Y’all have read my posts before. You know my control freak tendencies (if not, here’s a sampling: here & here). But, I bet you didn’t know I even tried to control my boys’ emotions? Yep. True story. If one boy throws a tantrum, I stand over him demanding “Stop. Calm down. You’re fine.” Or I may take the bear hug approach. As he’s kicking and screaming, I hold him super tight thinking my “embrace” will help his body relax. (FYI, this usually ends up as more of a wrestling match than a magic calming formula). These attempts show I believe my boys can’t regulate their own emotions—that they need my help.

(As a special education teacher/Speech-Language Pathologist I recognize there are boys who truly can’t regulate their own emotions, but since mine have mild sensory integration issues they are—for the most part—physically capable of managing themselves.)

I’ve been managing their emotions for so long, they don’t know how to do it themselves.

I became aware of my mommy “oops” while interviewing behavior therapist, Kirk Martin of CelebrateCalm.com. He told me:

“You can only control one person in life…that’s yourself. Sometimes, when you let children own their mood, then they will change it more quickly.”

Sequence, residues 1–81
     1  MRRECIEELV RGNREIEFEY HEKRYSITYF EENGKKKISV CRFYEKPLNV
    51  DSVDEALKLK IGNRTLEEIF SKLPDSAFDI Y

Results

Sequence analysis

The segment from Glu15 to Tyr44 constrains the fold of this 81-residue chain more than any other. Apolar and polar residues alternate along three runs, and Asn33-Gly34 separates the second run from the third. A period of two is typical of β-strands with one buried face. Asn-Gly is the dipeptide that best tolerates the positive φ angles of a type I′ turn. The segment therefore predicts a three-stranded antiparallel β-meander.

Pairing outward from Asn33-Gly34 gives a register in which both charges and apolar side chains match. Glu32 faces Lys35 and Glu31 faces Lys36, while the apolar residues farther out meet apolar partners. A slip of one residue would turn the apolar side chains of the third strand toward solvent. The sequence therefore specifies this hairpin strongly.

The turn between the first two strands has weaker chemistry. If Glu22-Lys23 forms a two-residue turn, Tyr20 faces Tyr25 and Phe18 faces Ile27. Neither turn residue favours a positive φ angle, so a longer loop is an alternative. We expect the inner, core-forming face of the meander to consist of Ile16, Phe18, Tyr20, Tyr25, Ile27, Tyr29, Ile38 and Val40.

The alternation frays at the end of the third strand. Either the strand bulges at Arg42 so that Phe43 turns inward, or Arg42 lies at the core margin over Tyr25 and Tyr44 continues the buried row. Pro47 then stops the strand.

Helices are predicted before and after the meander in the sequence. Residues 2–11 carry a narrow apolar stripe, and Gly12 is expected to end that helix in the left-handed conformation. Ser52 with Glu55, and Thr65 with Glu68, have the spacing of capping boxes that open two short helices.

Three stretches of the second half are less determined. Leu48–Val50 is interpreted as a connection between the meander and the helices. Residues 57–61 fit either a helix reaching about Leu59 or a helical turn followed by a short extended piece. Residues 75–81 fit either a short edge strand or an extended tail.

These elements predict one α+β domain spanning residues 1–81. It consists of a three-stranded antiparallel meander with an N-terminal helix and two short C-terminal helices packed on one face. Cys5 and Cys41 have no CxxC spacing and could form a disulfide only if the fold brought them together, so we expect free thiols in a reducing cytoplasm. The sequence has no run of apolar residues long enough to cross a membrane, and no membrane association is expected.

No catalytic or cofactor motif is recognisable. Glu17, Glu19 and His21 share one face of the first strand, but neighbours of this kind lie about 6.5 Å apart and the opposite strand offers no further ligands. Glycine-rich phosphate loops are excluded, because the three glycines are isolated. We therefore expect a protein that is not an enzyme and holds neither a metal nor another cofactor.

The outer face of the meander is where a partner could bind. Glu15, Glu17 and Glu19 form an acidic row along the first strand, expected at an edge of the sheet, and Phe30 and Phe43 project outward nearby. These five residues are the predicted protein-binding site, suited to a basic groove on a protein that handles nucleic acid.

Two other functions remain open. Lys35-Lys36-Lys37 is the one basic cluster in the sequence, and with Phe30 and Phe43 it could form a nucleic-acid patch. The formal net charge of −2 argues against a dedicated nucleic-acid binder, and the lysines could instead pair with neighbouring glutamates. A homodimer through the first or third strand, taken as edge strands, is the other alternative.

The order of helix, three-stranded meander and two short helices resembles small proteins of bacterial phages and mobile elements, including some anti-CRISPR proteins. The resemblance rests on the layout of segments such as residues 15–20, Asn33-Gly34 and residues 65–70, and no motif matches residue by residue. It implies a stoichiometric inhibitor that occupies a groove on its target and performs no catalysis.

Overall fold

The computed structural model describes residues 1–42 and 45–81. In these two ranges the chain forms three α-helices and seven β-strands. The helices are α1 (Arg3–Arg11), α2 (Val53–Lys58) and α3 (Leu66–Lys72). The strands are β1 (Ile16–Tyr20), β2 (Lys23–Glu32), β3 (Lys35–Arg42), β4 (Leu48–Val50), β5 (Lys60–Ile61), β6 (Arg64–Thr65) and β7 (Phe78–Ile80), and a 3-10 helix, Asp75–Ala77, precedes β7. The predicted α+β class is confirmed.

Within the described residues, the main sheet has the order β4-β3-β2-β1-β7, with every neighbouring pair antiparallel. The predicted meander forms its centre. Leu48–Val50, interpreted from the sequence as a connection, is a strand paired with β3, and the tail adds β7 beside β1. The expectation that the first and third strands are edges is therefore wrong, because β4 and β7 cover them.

So I gave it a shot. The next time my seven year old son (you read that right) threw a tantrum I simply told him he was free to be upset. Then I walked over to the kitchen table, a few feet away and starting working on a puzzle. Fifteen minutes later a sniffly young boy plopped down next to me and grabbed a puzzle piece. (As Kirk pointed out, this was not the time to correct his grumpy manner, but to invite him into my calm place.)

Once my son owned his emotions we could talk rationally about what made him upset.

This principal of “stepping back so he can step up” hasn’t only been helpful with emotions. I’ve started applying it to leaving the house. Typically every step in the “getting out the door” process is micromanaged: “Get dressed. Put your dirty clothes away. Comb your hair. Find your shoes. Fill your water bottle.” Recently, my guidance sounds more like, “I’m leaving in 10 minutes. Please be ready and out the door at that time,” because Kirk reminded me:

“I never give kids control, I give them ownership. When we step back as parents, our kids can step up with responsibility.”

On most days, those boys show they are fully capable of remembering every step in leaving the house. (And my blood pressure has dropped significantly.) I don’t know about you, but I love a good, responsible man. I’m pretty sure employers do to.

As moms of boys we can choose to micromanage every interaction with our boys and paralyze their ability to take ownership. Or we can take a giant step back, giving them the chance to step up with responsibility.

“Parents can only give good advice or put them on the right paths,
but the final forming of a person’s character lies in their own hands.” ― Anne Frank

What parenting area do you struggle most in letting go and stepping back?

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